Moreover the word of the Lord came to me, saying,
“The hands of Zerubbabel have laid the foundation of this house;
his hands shall also complete it.
Then you will know that the Lord of hosts has sent me to you.
for whoever has despised the day of small things shall rejoice,
and shall see the plummet in the hand of Zerubbabel.”
In these words from Zechariah, the prophet utters more reassuring promises to the returned exiles of Israel from Persia. He tells them that the Temple will be rebuilt, despite their fears, and that they will once again have hope in the Lord.
Apparently, some of them have been pessimistic about their future, and have “despised the day of small things.” This means that they have seen little evidence that their city will once again be prosperous, and that the Temple will actually take shape again. There areonly “small things,” tiny pieces of hope, minor efforts.
Those who care deeply about justice can identify with this pessimism. Often, when we become involved with important issues, we discover that there is seemingly little we can do, or we fear that our efforts are futile.
We say to ourselves, “What good is it do go on yet another march? Why bother to call my Congressman again — she doesn’t listen to me?! Why write a letter to the editor of my local newspaper because I will sound like a lunatic?”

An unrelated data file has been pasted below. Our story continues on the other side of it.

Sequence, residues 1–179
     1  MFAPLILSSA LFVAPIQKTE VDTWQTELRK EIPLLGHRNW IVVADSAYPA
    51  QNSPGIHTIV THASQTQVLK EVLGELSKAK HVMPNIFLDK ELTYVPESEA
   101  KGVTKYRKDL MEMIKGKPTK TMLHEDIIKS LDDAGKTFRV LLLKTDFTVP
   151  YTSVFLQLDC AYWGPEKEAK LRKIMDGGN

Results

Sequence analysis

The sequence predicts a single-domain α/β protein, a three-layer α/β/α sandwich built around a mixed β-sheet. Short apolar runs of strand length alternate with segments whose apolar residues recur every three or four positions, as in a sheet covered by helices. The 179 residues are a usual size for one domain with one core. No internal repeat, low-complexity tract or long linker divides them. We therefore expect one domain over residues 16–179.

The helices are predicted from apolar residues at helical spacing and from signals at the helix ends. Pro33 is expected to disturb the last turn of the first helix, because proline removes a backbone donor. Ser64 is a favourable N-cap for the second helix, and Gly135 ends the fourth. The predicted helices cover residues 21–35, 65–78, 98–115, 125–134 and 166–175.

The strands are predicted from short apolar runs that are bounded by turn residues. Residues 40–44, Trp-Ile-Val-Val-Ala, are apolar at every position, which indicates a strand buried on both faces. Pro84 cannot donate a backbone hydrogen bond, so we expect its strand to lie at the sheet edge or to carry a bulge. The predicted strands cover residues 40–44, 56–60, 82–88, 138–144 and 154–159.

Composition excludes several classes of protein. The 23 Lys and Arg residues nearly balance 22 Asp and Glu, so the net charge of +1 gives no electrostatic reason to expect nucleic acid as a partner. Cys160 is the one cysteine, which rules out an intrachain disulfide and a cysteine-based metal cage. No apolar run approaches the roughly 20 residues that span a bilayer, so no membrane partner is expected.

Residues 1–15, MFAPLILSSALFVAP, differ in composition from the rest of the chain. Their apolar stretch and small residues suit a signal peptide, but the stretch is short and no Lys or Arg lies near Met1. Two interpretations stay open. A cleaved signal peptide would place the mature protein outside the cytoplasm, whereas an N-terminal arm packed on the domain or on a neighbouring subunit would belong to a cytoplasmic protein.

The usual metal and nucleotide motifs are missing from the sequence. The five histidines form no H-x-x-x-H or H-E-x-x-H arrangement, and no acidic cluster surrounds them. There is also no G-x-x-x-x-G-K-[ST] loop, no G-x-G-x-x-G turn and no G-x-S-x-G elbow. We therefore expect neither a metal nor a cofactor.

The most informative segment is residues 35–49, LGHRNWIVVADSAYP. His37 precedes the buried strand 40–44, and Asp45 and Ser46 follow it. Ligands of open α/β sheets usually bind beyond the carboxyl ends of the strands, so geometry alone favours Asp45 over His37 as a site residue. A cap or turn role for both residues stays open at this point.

We often denigrate our own actions by calling them “small things.”
Yet our faith is full of testimony to the fact that the smallest things make the biggest difference. Jesus told us that all we needed was the faith of a mustard seed in order to move mountains.
Often the problem is that we want to move mountains first; we want to make the biggest impact first, failing to see that it takes thousands of small things to happen before big things emerge.
We must discover a new appreciation for the small things that make for justice, and learn to encourage others who may be on the verge of disappointment.
Jesus continually modeled for us the ministry of small things. He ate dinner with folks, he played with children, he stopped to chat with people on the side of the road. He never allowed the seriousness and magnitude of his mission to override the small, everyday moments. Those moments actually became the substance of his mission.
In the pursuit of God’s justice, there is, in fact, no small thing.
Prayer: God, forgive me for underestimating the power of my small actions. Give me the strength to keep on working for justice, even when there are no visible results. Remind me to encourage others. Amen.
Justice Challenge: Write a note, email, or letter of encouragement to someone you know who works for justice on a regular basis, who may be facing some disappointment. Remind them not to “despise the day of small things.”